Wall Street still sour on Alibaba’s shares

September 13 23:57 2015

Alibaba investors may be feeling a bit disoriented by the deluge of recent news about the company. Some has been bad, especially a warning Tuesday that third-quarter sales volume on the company’s e-commerce sites is tracking below expectations. Some has been good, including plans for a new sports-related business and a report late last week that the company’s two largest individual shareholders — chairman Jack Ma and vice-chair Joseph Tsai — are looking to borrow money against their stakes, rather than sell some of them off.dbpix-alibaba1-tmagArticle

And on Wednesday, Yahoo announced that the Internal Revenue Service declined to endorse its plan to spin off its huge Alibaba stake on a tax-free basis. Alibaba shares jumped over 5% on the news. (They are down about 0.4% in pre-market trading Thursday.) That leap came even though two analysts cut their price targets on the company, a welcome move after the volatile stock scraped new lows earlier this week.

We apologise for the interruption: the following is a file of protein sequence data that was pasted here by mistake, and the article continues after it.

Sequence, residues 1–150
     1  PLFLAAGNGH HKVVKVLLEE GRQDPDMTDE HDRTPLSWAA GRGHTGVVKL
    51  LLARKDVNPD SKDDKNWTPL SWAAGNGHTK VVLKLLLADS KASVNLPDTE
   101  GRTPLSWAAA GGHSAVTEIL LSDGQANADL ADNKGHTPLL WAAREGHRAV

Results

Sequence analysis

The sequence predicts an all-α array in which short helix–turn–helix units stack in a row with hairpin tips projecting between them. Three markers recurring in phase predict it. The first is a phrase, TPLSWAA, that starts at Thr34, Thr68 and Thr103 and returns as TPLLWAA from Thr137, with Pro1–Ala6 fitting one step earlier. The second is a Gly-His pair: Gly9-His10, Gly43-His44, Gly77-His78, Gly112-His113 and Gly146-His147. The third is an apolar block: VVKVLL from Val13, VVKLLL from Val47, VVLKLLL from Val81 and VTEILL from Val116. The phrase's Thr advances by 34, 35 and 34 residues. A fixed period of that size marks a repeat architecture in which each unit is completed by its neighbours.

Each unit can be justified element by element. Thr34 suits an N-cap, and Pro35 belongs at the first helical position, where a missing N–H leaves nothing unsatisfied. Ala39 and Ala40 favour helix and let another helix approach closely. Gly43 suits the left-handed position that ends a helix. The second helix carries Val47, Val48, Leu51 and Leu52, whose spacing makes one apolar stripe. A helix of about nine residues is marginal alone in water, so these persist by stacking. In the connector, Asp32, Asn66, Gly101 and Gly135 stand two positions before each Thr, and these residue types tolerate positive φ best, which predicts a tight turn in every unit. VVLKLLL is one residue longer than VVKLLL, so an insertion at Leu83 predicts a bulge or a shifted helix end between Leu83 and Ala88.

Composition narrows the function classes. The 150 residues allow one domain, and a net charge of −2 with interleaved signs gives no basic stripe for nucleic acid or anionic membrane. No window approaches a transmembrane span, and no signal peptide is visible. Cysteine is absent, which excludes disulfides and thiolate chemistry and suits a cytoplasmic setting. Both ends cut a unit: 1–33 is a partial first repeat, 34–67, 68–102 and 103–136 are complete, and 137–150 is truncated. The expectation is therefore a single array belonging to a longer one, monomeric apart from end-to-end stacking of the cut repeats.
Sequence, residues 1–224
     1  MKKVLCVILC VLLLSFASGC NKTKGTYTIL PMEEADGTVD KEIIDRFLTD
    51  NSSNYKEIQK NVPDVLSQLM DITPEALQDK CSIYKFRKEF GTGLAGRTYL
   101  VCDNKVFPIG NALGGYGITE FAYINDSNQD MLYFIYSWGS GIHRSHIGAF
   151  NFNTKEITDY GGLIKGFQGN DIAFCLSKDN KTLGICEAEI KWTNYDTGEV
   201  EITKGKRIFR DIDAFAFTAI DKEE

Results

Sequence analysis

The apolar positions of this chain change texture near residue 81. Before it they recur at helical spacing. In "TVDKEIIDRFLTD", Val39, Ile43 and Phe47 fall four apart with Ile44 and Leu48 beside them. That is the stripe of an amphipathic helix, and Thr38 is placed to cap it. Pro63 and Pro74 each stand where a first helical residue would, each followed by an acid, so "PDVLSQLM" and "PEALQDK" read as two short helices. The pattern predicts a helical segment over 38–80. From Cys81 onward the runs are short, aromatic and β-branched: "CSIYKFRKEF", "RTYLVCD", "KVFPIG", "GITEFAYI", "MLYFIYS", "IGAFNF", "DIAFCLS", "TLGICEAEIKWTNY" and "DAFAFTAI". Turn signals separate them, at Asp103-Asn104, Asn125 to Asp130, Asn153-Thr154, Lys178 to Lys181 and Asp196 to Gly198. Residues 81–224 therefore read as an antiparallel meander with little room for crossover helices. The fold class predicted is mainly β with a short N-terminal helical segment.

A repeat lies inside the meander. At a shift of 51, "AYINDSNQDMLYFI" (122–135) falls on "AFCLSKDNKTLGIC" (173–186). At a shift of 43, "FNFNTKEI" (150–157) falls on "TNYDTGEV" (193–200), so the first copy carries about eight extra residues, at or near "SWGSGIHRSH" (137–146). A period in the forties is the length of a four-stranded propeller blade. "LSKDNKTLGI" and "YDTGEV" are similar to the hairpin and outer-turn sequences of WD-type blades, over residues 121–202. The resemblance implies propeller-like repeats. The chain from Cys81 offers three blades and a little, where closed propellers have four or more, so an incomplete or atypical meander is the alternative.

Yet amid the cross-currents that have buffeted the shares, one thing has remained consistent: Wall Street continues to sour on Alibaba’s profitability this year. The analysts who cover Alibaba shares have reduced their profit estimates on the company significantly since its earnings call in late July. The biggest cuts have come within the past month. The average earnings estimate for the second half of 2015 has dropped to $1.45 a share, from $1.55 a month ago and $1.58 in June.

Look for those numbers to come down further now that Pacific Crest Securities and Cantor Fitzgerald both hacked down their price targets on the stock — although they maintained their buy ratings. Cantor’s Youssef Squali dropped his target to $88 a share from $95, while Cheng Cheng at Pacific Crest slashed it to $80 from $94. As reported here in the past, Wall Street analysts rarely change their buy recommendations on stocks issued by large, newly-public tech companies.